Scientists and Clinicians: PR is Not a Four Letter Word
Many of us were trained to avoid reporters like the plague. We were told that our words would be misconstrued, our colleagues would judge us as being ‘showy’ and that we would be beseiged by the public if we engaged with the media.
As academics hid from the limelight, the national stage for medical and scientific opinions became overrun with less than credible sources. We have seen resurgence in scientists stepping up and talking not just about their work, but about public policy and perceptions that influence health care and research spending.
We chatted with FSU professor Gregg Stanwood on his recent viral editorial piece in the Tallahassee Democrat entitled “Repeat After Me: Mental Health IS Physical Health” was picked up nationally by USA Today and other venues and afforded him a place on the national stage which clearly resonated with patients and physicians.
Here’s some protips he shared with The Edge on what to expect and what he’s learned.
FS: You got great national and local coverage on this! Were you at all anxious about how your school or colleagues would receive an article advocating for embracing mental health concerns?
Dr. Stanwood: No, not really. My colleagues and friends have been very supportive of my efforts to improve how we understand and treat mental illnesses.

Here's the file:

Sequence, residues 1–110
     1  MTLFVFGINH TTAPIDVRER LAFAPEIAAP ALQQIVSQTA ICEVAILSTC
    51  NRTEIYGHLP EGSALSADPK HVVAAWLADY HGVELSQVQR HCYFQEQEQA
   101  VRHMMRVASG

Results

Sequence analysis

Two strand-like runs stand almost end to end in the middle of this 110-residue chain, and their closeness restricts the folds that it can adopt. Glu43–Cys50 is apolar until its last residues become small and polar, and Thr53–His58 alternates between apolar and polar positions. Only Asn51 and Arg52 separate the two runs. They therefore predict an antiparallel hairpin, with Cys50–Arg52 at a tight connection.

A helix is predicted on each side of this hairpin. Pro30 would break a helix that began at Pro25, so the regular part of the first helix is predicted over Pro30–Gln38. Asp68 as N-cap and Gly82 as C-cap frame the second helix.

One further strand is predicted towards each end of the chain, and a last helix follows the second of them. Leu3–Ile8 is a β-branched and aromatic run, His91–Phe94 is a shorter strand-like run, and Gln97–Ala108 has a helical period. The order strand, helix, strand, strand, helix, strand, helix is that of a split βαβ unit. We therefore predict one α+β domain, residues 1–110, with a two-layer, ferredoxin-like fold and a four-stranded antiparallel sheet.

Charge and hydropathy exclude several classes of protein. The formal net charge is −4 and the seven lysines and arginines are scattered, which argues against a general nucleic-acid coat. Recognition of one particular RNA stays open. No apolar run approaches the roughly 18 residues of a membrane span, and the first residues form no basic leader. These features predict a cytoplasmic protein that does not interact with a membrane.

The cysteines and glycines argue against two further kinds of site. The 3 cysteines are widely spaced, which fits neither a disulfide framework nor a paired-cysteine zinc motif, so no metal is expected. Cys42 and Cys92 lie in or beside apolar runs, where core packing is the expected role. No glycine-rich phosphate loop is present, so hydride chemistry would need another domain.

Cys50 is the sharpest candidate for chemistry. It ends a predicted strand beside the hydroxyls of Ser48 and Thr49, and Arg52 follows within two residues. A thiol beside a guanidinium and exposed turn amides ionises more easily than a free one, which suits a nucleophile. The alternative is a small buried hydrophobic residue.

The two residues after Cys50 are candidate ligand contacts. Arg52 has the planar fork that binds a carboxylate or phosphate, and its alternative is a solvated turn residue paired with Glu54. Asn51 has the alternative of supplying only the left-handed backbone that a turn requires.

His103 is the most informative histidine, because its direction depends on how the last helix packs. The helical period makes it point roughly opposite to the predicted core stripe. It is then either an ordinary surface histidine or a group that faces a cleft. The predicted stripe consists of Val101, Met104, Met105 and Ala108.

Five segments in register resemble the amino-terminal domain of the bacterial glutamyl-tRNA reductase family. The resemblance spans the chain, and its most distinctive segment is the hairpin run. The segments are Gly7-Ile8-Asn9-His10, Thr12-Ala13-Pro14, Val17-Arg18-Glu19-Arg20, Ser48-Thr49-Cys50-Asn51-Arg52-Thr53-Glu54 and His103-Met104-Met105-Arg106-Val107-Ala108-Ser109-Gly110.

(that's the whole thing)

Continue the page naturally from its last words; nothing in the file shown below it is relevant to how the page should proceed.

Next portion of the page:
FS: What inspired you to write this blog?
Dr Stanwood: I wrote this piece soon after the Germanwings 9525 crash in the French Alps in March 2015. I found a lot of the wording used by the media and in the public reaction to the crash repugnant and scientifically incorrect.
FS: What advice would you have to folks thinking about using local media to talk about important issues in science?
Dr. Stanwood: The public and media are much more interested in science issues than many of us in science assume. Write and speak from the heart and focus on what’s important to you. You don’t need to be the voice for everything, but you should definitely become the voice for something.
FS: How has this changed your relationship with the local or national media?
Dr. Stanwood: It’s improved it. The editor I have worked with at the Tallahassee Democrat is very interested in these issues and we have discussed more in depth series.
FS: What has been the most positive part of this experience for you?
Dr. Stanwood: Hearing from people who read the piece. Not only those who expressed gratitude for helping people understand their point of view, but also those who strongly disagreed with the perspective I shared in the editorial.
Pointers for interacting with the media are also available from The Union of Concerned Scientists.